September 22, 2020 4:09 PM

Time Spent Programming Is Often Time Well Spent


Was the time I spent writing my RSS scripts more than the time I would now spend thinking about the "best" RSS aggregator and reader? Doesn't matter. I enjoyed writing the scripts. I learned new things and got satisfaction out of seeing them run correctly. I get nothing like that out of comparing apps and services.

I concur so strongly not only because he writes about RSS, which I'm on record as supporting and using. I enjoy rolling my own simple software in almost any domain. Simple has a lot of advantages. Under my control has a lot of advantages. But the biggest advantage echoes what Dr. Drang says: Programming is often more fun than the alternative uses of my time.

I program because I like to, and because I can.

Posted by Eugene Wallingford | Permalink | Categories: Personal, Software Development

September 18, 2020 2:50 PM

If You Want to Create Greatness, Encourage Everyone

I read two passages in the last few days that echo one another. First, I read this from Wallace Shawn, in a Paris Review interview:

But my God, without writers, humanity might be trapped in a swamp of idiotic, unchanging provincial clichés. Yes, there are writers who merely reinforce people's complacency, but a writer like Rachel Carson inspired the activism of millions, and writers like Lady Murasaki, Milton, and Joyce have reordered people's brains! And for any writers to exist at all, there must surely be a tradition of writing. Maybe in order for one valuable writer to exist, there must be a hundred others who aren't valuable at all, but it isn't possible at any given moment for anyone to be sure who the valuable one is.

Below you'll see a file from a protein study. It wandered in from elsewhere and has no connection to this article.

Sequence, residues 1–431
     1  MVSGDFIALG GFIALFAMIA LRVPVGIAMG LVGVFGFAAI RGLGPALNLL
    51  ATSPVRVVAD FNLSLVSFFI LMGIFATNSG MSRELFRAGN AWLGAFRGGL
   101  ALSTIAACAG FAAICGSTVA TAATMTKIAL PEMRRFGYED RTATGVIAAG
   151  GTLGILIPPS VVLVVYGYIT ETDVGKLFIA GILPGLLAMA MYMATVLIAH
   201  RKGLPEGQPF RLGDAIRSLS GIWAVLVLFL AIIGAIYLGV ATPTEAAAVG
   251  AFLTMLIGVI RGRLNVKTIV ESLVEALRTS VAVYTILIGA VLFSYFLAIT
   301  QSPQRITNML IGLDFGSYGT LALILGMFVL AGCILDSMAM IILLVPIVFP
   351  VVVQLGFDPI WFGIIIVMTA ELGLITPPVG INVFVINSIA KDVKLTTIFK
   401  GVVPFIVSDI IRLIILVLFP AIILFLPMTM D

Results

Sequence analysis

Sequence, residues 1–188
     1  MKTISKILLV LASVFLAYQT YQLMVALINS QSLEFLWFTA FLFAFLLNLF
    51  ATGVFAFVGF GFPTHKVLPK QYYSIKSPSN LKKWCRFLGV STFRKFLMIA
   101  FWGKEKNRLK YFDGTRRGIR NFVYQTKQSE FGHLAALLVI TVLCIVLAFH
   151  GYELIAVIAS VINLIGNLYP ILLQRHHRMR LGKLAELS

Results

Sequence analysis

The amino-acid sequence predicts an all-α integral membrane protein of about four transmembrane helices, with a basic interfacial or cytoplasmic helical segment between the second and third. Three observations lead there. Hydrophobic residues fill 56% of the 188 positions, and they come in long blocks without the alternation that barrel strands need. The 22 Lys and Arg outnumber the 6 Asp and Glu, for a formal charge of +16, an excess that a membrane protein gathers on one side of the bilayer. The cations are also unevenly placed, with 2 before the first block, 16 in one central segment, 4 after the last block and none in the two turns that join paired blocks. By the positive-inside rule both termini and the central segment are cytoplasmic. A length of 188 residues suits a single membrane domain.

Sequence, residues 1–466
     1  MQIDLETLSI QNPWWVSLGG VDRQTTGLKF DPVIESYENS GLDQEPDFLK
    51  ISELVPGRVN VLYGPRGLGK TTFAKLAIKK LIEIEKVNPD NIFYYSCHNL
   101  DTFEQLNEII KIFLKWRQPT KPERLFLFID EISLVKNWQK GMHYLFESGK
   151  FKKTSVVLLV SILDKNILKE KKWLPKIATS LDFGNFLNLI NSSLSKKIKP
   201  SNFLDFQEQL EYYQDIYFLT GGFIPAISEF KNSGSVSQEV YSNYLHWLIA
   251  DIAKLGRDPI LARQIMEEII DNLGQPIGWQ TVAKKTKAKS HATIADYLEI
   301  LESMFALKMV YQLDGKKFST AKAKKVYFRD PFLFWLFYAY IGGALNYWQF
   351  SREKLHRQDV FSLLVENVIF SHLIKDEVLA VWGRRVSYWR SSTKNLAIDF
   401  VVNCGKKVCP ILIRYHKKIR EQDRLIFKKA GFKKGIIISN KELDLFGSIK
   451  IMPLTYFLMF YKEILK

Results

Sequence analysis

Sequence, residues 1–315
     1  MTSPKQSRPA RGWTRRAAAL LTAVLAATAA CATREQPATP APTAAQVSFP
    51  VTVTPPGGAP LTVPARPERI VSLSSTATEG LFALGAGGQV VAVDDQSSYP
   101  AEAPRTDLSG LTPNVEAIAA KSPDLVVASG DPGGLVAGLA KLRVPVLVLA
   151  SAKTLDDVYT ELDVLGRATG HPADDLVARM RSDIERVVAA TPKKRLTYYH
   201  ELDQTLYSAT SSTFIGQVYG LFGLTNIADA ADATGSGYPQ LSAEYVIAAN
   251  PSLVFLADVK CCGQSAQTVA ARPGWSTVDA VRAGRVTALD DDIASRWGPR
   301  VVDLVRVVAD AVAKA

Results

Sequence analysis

Then, in his response to Marc Andreessen's "It's Time to Build", Tanner Greer writes:

To consistently create brilliant poets, you need a society awash in mediocre, even tawdry poetry. Brilliant minds will find their way towards poem writing when poem writing and poem reading is the thing that people do.

I once blogged briefly about The Art of Fear tells the story of an artist sketching hundreds of roosters, which laid the foundation for creating a single sketch for his client. For us as individuals, this means that "talent is rarely distinguishable, over the long run, from perseverance and lots of hard work." As Richard Gabriel often says, "Talent determines only how fast you get good, not how good you get". Volume creates the conditions under which quality can appear.

Shawn and Greer remind us that the same dynamic applies at the scale of a culture. A community that produces many writers has a better chance to produce great writers. When the community values writers, it increases the chances that someone will do the work necessary to becoming a writer. The best way to produce a lot of writers is to have a tradition that welcomes, even encourages, all members of the community to write, even if they aren't great.

The same applies to other forms of achievement, too. In particular, I think it applies to programming.

Posted by Eugene Wallingford | Permalink | Categories: Software Development, Teaching and Learning